|Publication number||US4914700 A|
|Application number||US 07/254,388|
|Publication date||Apr 3, 1990|
|Filing date||Oct 6, 1988|
|Priority date||Oct 6, 1988|
|Also published as||CA1322792C, DE68925478D1, DE68925478T2, EP0394426A1, EP0394426A4, EP0394426B1, WO1990004245A1|
|Publication number||07254388, 254388, US 4914700 A, US 4914700A, US-A-4914700, US4914700 A, US4914700A|
|Inventors||Alfred V. Alasia|
|Original Assignee||Alasia Alfred Victor|
|Export Citation||BiBTeX, EndNote, RefMan|
|Patent Citations (4), Referenced by (38), Classifications (13), Legal Events (4)|
|External Links: USPTO, USPTO Assignment, Espacenet|
The present invention relates to systems for scrambling and unscrambling bar codes, and more particularly to apparatus for and method of minimizing the counterfeiting of and for verifying the authenticity of a bar code.
When there is a need to track, identify and enter information about persons, places and things into computer-based systems, bar coding currently provides one of the most accurate, efficient and cost-effective systems compared with other data entry systems. Bar coding is generally regarded as the industry standard for automated data collection; other machine-reading techniques, such as optical character recognition, magnetic stripes and punch cards have now fallen behind in general usage for a number of reasons. For example, magnetic stripes are relatively expensively printed or applied by hot stamping, but cannot be read at a distance, and often are subject to easy alteration of the recorded data, hence are at a distinct disadvantage where data security is important. Optical character recognition is not as accurate, flexible and reliable as bar code symbol scanning because it usually contains no vertical redundancy or internal checking. Punch card entry is too slow for current computer speeds and exhibits an operator keyboard entry error ratio of about 1:300, whereas the much faster optical character recognition provides an error ratio of about 1:10,000, and reading bar codes symbols has an error ratio of about 1:3,000,000.
A bar code symbol, for purposes of the present exposition, can be defined as a graphically reproduced array of elements formed as various width, parallel, rectangular bars, and the spaces between such bars, representing one or more characters in a numerical or alphanumerical set. The symbol is generally printed in a single color on an optically color-contrasting background, and by convention, the bars in the set are considered to be the darker of the contrasting elements. The number of elements in each character can range widely, e.g. typically from 7 to 16 depending upon the particular bar code selected. A bar code symbol generally contains a leading quiet zone, a start character, one or more data characters including often a check character, a stop character and a trailing quiet zone. The term "module", as applied to bar code symbols, is understood to refer to the narrowest nominal bar or space in the code, wider bars and spaces usually being specified as multiples of a module. The spatial frequency of the modules is thus defined in terms of the number of modules per unit distance (e.g. an inch) in the printed symbol.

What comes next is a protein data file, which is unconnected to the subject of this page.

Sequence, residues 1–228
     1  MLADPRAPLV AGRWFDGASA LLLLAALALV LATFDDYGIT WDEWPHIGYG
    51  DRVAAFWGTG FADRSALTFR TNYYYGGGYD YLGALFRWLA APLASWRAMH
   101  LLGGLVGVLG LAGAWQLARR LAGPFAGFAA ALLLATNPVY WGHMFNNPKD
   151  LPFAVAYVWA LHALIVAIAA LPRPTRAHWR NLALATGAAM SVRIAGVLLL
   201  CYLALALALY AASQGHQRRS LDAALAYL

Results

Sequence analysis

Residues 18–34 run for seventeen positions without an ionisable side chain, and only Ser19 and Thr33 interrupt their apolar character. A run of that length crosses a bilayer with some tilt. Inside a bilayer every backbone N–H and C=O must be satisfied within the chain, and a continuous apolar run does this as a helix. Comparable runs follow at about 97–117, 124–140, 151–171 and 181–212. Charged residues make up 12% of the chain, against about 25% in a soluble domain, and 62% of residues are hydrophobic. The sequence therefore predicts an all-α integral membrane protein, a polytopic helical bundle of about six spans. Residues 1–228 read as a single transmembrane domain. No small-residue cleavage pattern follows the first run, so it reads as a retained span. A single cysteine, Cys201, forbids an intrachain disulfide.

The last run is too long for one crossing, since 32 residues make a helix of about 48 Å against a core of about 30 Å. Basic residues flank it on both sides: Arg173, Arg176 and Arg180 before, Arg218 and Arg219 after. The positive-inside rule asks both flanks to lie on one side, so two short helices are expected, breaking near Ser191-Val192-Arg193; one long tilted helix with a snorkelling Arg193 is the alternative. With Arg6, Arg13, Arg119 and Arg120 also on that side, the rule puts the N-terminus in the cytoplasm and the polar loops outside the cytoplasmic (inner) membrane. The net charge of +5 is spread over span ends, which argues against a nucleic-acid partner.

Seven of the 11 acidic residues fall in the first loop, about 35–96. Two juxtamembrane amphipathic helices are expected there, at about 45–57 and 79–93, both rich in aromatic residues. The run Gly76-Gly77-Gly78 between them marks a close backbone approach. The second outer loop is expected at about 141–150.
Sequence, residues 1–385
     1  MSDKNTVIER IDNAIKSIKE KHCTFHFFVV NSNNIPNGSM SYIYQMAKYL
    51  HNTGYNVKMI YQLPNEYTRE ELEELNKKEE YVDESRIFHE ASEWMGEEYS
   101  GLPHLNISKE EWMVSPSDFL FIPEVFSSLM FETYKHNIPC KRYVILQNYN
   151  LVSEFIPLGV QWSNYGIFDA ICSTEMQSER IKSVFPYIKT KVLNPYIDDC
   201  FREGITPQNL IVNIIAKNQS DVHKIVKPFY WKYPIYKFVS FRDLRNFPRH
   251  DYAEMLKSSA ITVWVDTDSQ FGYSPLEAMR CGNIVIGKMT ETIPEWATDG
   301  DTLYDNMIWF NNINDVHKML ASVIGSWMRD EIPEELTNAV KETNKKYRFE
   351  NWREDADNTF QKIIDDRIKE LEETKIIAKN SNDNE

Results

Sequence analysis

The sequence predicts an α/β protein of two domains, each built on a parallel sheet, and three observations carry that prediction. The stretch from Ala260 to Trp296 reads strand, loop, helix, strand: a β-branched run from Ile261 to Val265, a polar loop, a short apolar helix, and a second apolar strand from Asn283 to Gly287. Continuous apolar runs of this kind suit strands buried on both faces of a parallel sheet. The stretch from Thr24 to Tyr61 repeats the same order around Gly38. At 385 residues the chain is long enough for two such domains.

Bar codes are generally read by optically scanning a light beam transversely across all of the elements of the symbol. The term "light" as used herein is to be interpreted as including a wider band of radiation than the visible spectrum, and is deemed to include ultra violet and infra-red radiation as well. The reflections of the scanning light from the symbol or emissions excited by the scanning light are converted to electrical signals. Because the information in the symbol is carried by the relative widths of the bars and spaces in each character, the electrical signals are then usually decoded by an electronic computer or decoder to recover that information, typically in a form comprehensible usually to the computer.
A large number of such bar codes has been developed since their original introduction sometime during the 1960s. Current examples of such developments are the well-known and widely used Two of Five Code, UPC and Codabar, all of which have 12 or less principal characters and are thus primarily numerical codes, Code 39 that is an alphanumeric bar code including 44 characters, and many others.